March, 2013

Cover Story

There’s a scene in the John Grisham thriller The Runaway Jury where Gene Hackman, as a highly paid — and highly unethical — jury consultant, is monitoring a bank of video screens, relying on hidden cameras and microphones to covertly coach the lawyers who are relying on him through the complex voir dire process in a landmark case. Today, Mr....

President's Perspective

The Tennessee High School Mock Trial competition is the premier public service project of the TBA Young Lawyers Division (YLD), which it has sponsored since 1981. This year’s championship will be March 15-16 at the Metro Courthouse in Nashville, where Tennessee Supreme Court Justice William C. Koch will preside over the championship round.  

Letters of the Law

May I offer some random and (hopefully) unbiased thoughts abut the Collateral Source rule discussion in the December and January issues of TBJ? By way of disclosure, I am primarily an injury defense lawyer. The comments I share are mine alone and not that of any other person or entity.

Book Review

 By W. Russell Taber III | CreateSpace | $29.95 |  288 pages | 2012

I have never been much of a horror movie fan. Werewolves, vampires and other creatures going bump in the night just don’t do it for me. But to this day I cannot watch Poltergeist. It played off of the same stuff that kept me up at night as a kid...

History's Verdict

The Tennessee Bar Journal welcomes a new column this month. Russell Fowler will look to the past to help inform the practice of today in “History’s Verdict.” His column will appear three times a year.

2015 is the 800th anniversary of the Magna Carta. It is time to pause and ponder its importance and plan how to commemorate this...


The Tennessee Bar Association was recognized in October with three Luminary Awards from the National Association of Bar Executives. The Tennessee Bar Journal earned a Luminary Award for The Law Launch Project, which followed 15 law students through their last year of school.


Shuttleworth Williams is now located in the First Tennessee Plaza at 800 South Gay St., Suite 2031 in Knoxville. The new space puts the office closer to the Knox County Courthouse, state Supreme Court Building and U.S. District Court for the Eastern District of Tennessee.


The Tennessee Supreme Court launched in February a volunteer recognition program to honor lawyers who provide at least 50 hours of pro bono service annually. The program is entirely voluntary and based on self-reporting. Attorneys are encouraged to begin tracking their work this year. Those who meet the goal will be named “Attorneys for Justice” by the...


Former Criminal Court Judge and TBA senior counselor FRED A. KELLY died Sept. 27 at the age of 93. Kelly graduated from the University of Tennessee and later served in World War II, earning the rank of captain. He graduated from Vanderbilt University Law School in 1948 and began practicing law in Gallatin. A native of the city, he went...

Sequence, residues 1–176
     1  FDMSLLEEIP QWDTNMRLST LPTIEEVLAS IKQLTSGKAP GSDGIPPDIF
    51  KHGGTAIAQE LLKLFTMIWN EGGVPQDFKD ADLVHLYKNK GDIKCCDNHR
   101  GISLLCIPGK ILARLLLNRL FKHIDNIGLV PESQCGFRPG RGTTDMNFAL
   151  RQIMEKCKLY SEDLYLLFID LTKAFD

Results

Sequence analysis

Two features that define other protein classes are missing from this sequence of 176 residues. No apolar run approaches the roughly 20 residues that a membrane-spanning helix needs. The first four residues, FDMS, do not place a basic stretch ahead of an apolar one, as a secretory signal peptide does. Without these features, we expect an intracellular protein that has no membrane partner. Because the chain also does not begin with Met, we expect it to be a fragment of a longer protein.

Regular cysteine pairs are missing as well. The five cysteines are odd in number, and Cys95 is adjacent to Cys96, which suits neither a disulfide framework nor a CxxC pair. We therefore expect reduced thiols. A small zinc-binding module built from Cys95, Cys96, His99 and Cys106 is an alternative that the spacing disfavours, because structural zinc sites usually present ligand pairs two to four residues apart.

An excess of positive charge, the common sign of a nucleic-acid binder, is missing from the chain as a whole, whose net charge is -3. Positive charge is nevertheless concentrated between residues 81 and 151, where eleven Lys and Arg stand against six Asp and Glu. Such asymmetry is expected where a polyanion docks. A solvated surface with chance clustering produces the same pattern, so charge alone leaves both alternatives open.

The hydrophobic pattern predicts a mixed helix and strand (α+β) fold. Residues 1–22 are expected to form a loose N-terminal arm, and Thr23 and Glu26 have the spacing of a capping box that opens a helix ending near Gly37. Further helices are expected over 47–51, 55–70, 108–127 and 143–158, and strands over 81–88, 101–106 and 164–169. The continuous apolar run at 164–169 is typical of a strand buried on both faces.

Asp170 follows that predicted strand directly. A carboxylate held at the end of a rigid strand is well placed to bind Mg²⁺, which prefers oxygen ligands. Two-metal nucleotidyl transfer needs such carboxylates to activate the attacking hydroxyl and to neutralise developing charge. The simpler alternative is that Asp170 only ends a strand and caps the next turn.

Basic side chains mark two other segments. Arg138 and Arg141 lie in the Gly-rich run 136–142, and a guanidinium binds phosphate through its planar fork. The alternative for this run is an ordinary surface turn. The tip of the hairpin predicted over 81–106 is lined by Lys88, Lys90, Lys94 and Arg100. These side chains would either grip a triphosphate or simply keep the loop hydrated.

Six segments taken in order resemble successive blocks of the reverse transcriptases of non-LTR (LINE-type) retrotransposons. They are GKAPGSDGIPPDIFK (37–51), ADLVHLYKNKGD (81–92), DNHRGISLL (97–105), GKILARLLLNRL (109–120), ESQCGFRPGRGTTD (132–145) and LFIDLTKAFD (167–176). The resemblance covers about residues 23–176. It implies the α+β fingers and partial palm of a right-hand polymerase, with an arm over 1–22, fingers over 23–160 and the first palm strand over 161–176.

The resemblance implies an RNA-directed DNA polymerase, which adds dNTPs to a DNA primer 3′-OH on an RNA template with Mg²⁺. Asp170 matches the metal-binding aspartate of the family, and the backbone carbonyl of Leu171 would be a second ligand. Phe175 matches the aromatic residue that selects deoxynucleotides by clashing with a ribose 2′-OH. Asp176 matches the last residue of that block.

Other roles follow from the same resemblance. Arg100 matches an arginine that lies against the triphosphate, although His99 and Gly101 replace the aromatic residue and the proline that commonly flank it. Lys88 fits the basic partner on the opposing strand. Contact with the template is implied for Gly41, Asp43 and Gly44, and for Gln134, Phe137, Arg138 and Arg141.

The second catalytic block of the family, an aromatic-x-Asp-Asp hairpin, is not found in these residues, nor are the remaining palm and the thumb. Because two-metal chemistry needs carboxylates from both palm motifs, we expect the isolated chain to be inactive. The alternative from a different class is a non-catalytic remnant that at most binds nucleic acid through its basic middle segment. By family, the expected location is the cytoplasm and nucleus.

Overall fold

Licensure & Discipline

Administrative Suspensions Now Online

Notice of attorneys suspended for, and reinstated from, administrative violations — including failure to pay the Board of Professional Responsibility fee, file the IOLTA report, comply with continuing legal education requirements and pay the Tennessee professional privilege tax — is now available exclusively...

Crime & Punishment

Corporate crime is big news. Lawyers practicing in Tennessee face an increasing likelihood of being asked to assist business clients in responding to an allegation of criminal wrongdoing. To protect the business and to avoid inadvertent harm to others (and your license), counsel must both understand the attorney-client privilege of an organization.

Paine on Procedure

I wrote about some of these in my January/February 1990 column and in a June 2006 article. Changes since those publications mandate an update. Here it is.

Admissions by Party-Opponent Tennessee Rule of Evidence 803(1.2)(D) requires an agent’s statement to be against the agent’s interest. Federal Rule of Evidence 801(d)(2)(D) does not. Tennessee...

But Seriously, Folks

Thirty-five years ago when I became a lawyer, I bought myself two very impressive items that I felt I needed to make me look like a real lawyer.

The first was a dark blue suit. My wardrobe in law school consisted of t-shirts, blue jeans, a pair of Chuck Taylor Converse All-Stars, and a polyester plaid jacket I had purchased at JC Penny’s for fifty...